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National Debt Hits $15 Trillion as Congress Strains to Cut $1.2 Trillion From Deficits

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Stacks of dollar bills are readied for shipment at the U.S. Bureau of Engraving and Printing in Washington, D.C. (AP)

Pop the champagne -- the U.S. debt just surpassed $15 trillion. 

The inauspicious milestone comes as Congress tries anew to slash billions of dollars from the federal budget and at least slow the rise in the national debt. 

But the $15 trillion mark puts the congressional effort in perspective. 

While lawmakers on a bipartisan committee are stuck on how to reach their minimum deficit-reduction target of $1.2 trillion over 10 years, the pace at which the national debt is increasing suggests any agreement would barely make a dent. 

After all, it took just one year for the U.S. government to add $1.2 trillion to the national debt, thanks to a 2011 deficit of approximately that size. The debt was at $13.8 trillion last November, or $1.2 trillion below where it is today. It passed the $14 trillion mark at the very end of 2010, and this week hit $15 trillion. 

While the unofficial "debt clock" showed the country reaching that point on Wednesday afternoon, official figures kept by the Bureau of the Public Debt show the $15 trillion threshold was crossed on Tuesday.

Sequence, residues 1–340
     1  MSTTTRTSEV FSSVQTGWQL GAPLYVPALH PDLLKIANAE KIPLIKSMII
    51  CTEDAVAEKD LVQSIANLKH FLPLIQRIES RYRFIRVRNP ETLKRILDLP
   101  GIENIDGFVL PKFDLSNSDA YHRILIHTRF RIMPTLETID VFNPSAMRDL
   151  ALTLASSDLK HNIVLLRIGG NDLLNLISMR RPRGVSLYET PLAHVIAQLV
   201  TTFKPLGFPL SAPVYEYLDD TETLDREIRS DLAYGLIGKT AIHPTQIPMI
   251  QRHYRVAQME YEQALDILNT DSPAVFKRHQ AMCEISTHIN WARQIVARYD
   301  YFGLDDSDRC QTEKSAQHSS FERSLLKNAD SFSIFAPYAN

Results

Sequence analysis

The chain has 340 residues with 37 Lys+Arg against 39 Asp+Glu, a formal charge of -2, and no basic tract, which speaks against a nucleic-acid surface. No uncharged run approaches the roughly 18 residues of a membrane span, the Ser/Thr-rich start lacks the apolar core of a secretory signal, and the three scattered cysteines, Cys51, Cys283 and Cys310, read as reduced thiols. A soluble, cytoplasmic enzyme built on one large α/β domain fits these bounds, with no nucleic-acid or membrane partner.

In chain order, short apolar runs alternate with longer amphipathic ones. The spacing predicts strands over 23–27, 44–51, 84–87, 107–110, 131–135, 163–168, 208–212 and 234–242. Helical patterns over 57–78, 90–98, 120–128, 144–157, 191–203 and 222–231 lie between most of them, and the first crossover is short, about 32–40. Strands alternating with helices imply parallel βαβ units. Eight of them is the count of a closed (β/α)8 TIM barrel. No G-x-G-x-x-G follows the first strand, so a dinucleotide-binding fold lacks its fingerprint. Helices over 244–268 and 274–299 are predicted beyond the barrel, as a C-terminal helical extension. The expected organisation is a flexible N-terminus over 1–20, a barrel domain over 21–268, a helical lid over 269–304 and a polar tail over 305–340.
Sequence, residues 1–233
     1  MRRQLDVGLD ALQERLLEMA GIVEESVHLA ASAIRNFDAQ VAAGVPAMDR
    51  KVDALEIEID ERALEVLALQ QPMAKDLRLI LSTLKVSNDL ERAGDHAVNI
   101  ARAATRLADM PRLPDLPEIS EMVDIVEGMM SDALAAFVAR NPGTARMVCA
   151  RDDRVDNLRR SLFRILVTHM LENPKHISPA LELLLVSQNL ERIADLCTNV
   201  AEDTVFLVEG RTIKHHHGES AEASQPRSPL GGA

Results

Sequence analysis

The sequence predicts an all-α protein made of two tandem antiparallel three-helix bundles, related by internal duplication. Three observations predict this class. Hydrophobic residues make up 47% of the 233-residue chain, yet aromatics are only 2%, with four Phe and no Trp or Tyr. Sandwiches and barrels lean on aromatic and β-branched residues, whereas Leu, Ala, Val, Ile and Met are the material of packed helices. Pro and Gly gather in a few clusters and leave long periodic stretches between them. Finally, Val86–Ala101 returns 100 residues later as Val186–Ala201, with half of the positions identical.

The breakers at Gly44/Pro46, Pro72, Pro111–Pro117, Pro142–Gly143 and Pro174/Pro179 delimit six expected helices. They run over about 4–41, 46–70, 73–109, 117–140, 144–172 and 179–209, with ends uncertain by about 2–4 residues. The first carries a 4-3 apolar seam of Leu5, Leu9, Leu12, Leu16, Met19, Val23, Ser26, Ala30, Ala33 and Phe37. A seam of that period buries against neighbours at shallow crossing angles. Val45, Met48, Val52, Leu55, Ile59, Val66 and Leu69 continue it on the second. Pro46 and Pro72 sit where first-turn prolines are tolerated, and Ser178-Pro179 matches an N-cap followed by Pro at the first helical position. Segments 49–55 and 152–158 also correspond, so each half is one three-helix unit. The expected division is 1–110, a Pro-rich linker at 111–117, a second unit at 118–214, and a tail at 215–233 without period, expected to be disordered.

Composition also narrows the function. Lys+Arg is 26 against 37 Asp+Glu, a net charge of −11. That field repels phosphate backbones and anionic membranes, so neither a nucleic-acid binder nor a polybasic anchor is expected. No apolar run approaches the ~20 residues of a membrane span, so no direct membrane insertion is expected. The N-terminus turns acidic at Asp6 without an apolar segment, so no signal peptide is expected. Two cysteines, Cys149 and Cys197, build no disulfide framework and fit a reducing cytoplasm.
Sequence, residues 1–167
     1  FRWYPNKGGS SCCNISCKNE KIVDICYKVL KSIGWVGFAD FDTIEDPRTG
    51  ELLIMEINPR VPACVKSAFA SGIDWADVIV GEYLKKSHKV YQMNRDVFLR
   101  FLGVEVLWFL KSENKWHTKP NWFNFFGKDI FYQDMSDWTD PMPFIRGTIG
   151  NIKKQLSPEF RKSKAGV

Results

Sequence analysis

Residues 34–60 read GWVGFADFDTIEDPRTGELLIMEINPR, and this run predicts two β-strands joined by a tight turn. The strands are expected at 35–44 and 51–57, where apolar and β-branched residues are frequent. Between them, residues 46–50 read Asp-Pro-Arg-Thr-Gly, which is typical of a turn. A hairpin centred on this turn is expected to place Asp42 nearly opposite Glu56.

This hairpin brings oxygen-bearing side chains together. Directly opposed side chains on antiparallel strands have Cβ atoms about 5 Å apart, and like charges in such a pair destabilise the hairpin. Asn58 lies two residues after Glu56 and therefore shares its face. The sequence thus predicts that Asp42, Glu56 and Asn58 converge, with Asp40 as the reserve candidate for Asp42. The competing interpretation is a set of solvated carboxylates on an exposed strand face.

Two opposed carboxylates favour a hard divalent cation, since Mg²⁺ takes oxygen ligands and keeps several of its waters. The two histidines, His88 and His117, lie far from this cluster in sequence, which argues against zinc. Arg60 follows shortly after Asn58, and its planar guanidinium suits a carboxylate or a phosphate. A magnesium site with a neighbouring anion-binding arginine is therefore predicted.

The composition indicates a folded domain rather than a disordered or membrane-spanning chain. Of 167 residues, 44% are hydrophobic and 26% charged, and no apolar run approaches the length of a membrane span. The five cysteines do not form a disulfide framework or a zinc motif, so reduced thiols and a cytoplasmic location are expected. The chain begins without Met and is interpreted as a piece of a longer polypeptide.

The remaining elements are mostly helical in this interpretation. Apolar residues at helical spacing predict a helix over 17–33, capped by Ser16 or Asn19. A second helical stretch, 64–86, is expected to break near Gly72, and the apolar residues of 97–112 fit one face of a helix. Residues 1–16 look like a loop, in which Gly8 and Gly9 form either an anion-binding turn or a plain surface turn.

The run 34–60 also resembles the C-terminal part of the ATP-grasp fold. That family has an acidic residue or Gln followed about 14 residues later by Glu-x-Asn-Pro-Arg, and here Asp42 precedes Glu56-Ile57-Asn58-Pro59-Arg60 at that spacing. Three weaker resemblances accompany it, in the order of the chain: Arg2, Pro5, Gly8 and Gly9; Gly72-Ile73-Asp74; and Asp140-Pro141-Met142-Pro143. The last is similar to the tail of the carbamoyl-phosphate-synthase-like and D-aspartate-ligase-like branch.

Either way, it's a lot of money -- some $600 billion more than the combined economies of China and Japan

Critics of the Obama administration's spending were not shy about publicly bemoaning the development. 

"I hope that Congress and the president will see this for what it is: a wakeup call for Washington. We absolutely must turn back from the outrageous spending before it permanently destroys this country," Rep. Paul Broun, R-Ga., said in a statement. 

The rapid rise in the debt led to a standoff earlier this year over whether to raise what was then a $14.3 trillion limit on how much debt the nation could accrue. Congress eventually agreed to an increase worth about $2 trillion, provided Congress cuts $2.4 trillion. 

While $900 billion in cuts already are scheduled, the so-called Super Committee might not be able to find enough savings to reach the $2.4 trillion goal. And many lawmakers say Congress needs to at least find $4 trillion in savings over the next decade to have any meaningful impact on the debt.